Every day, our students come to class, and watch the latest episode of the story.  Then we test them using video-game style quizzes on the laptop, and then they do 20 minutes writing practice while the computer shows an animation of how to write the letter.   Then we show the episode again, and test again, and writing practice again – no activity takes more than 20 minutes.  And we use flash cards, and we use posters, and we use special playing cards, as well as writing books and reading books.

After each 100 minute lesson, we send them home.  They all turn up the next day because

  • It’s easy, they don’t have to try to remember anything
  • It’s fun
  • It’s a social event

The Indian Government has now run very successful pilots of the program and recognized it as “best practice.”

Of course, letter recognition is only one of several facets of teaching reading and writing.  After letters, we go onto syllables, then words, then sentences, then onto our reading books.  Our English language version has a full-blown phonics section of course.

After Literacy

Literacy by itself makes a huge difference to self-esteem, the balance of power in the family, the length of time children stay in school, and almost certainly the birth-rate.   (And that’s why it’s probably an excellent way of reducing carbon emissions.)  But to be really successful, all the follow-on courses to bring people back into the learning mainstream are required.  We have now built courses for numeracy, ethics, how to eradicate shyness, how to participate in an organization, how to follow instructions, how to study, how to improve memory and many more besides.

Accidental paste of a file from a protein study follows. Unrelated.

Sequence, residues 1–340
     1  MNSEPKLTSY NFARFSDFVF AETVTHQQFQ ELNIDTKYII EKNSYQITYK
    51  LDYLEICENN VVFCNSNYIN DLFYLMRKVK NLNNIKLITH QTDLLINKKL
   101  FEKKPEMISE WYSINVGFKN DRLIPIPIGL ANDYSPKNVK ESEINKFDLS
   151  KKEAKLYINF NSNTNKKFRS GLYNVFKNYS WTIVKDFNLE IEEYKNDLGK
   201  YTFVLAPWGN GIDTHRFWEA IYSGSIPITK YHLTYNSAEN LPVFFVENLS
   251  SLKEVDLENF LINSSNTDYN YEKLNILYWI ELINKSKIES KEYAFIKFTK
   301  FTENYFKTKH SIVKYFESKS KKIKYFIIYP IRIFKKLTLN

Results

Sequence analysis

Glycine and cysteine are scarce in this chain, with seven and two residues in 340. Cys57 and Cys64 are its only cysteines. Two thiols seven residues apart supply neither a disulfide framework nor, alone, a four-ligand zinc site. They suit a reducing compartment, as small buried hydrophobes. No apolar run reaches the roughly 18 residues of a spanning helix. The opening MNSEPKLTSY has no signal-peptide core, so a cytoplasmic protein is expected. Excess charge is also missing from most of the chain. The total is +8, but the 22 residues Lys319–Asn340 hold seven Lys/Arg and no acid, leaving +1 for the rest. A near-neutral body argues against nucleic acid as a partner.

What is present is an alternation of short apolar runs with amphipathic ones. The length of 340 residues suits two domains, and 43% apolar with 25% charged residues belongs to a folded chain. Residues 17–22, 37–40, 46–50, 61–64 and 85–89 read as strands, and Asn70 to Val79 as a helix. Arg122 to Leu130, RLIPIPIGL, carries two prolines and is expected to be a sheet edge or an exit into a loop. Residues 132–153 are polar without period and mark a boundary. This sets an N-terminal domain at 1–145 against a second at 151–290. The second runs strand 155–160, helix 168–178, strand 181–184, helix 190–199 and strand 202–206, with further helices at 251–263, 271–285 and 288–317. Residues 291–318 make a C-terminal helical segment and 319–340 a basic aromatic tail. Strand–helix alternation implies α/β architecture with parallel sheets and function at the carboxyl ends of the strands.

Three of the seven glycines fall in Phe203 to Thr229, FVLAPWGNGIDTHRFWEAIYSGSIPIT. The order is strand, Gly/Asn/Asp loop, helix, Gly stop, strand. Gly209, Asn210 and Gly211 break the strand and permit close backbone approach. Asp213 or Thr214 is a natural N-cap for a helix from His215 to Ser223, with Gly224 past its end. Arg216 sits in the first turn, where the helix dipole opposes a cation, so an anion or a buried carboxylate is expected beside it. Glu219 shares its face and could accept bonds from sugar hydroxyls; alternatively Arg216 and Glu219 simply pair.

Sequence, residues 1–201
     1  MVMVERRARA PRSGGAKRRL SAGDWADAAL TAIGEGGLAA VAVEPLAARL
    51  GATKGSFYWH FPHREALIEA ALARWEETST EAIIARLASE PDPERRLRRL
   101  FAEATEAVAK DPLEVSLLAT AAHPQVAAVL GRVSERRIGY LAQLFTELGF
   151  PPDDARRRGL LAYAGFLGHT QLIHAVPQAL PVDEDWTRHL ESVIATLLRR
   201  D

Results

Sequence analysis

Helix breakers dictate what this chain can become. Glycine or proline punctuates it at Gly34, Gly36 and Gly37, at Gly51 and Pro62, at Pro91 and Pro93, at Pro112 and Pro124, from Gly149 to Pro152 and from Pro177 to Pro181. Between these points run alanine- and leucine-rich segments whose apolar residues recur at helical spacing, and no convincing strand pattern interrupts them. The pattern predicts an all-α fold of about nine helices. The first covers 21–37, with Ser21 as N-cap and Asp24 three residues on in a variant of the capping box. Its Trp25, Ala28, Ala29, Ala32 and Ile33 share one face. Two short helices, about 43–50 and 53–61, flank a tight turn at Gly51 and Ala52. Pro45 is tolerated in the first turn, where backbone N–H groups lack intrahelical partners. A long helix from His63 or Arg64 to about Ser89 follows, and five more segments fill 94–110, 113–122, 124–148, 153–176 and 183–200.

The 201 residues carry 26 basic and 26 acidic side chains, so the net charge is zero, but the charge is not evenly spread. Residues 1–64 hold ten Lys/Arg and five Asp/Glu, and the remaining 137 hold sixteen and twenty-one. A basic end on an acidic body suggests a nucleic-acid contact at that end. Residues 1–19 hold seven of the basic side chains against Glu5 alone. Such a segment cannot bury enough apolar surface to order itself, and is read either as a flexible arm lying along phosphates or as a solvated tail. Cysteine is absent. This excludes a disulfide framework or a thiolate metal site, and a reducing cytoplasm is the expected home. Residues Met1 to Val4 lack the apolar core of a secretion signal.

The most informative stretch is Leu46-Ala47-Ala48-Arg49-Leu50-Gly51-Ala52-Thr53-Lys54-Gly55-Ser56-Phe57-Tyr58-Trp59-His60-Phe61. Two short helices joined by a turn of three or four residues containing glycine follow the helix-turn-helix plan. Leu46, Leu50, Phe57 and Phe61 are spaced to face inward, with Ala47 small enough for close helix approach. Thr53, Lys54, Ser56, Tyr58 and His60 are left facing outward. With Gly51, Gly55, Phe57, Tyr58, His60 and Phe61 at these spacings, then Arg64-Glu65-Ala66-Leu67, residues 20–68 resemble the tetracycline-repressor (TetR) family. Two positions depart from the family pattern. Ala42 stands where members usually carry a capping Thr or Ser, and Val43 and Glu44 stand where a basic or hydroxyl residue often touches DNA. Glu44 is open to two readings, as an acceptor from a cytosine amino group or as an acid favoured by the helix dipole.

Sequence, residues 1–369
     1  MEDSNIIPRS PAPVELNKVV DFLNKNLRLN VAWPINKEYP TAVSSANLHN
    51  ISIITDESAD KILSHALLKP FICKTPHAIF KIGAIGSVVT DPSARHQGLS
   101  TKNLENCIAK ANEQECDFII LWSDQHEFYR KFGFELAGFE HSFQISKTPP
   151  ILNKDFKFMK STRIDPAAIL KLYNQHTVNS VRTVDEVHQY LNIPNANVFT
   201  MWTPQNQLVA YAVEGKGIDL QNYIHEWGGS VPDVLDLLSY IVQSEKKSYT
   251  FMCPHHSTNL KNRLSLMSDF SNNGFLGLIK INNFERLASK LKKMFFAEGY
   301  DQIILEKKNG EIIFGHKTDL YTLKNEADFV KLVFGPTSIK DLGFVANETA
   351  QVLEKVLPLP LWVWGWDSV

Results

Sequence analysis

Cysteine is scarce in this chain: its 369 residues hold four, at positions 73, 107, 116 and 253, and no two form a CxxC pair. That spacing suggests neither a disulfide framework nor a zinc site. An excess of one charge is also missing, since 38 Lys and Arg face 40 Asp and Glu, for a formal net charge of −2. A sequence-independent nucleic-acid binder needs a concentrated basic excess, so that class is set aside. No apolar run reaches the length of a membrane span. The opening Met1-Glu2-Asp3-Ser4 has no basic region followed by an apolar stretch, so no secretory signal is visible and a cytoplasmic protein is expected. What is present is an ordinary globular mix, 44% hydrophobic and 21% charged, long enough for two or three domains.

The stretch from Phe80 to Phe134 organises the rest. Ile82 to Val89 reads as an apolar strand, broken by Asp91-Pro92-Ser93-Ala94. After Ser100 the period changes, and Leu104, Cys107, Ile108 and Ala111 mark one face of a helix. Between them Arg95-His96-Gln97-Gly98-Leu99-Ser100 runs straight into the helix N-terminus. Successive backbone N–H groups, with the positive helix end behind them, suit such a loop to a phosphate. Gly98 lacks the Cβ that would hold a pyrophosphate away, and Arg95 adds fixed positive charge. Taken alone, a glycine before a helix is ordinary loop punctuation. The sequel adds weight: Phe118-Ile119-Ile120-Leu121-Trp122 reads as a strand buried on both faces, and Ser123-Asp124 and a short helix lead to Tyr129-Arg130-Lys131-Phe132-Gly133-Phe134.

English and other languages

The efficiency of this program is so high that it easily offsets the cost of the technology.  My ambition is to get it used in every country with a literacy problem.  Which is probably everywhere but about 3 countries, I believe.

Don’t miss a moment of the action!

Subscribe now and get the latest articles from Educational Technology Debate sent directly to your inbox.

4 Responses to “The Bottom of the Pyramid needs Reading ICT Solutions too”

  1. It seems that Wayan has done everything. Reading this and many other reports that is the impresssion one gets. Is Wayan a human being or just a robot?

  2. The kind of experience Tara-Akshar has created is interesting indeed. Just that we have been hearing the figure of 60,000 for the past few years. From the multi-site, multi country experience that we have, they can improve their efficiency a dozen times and the quality of what they teach a hundred times by using OLPC XO. They need to try that out. They are talking reasonable numbers and they can start with say 10% learning with OLPC and can test it out.

    • We looked at One-Laptop-Per-Child. But the screen was not big enough for our requirements, and the sound quality was not good enough for our requirements.


Subscribe to ETD

Enter your email address:

Delivered by FeedBurner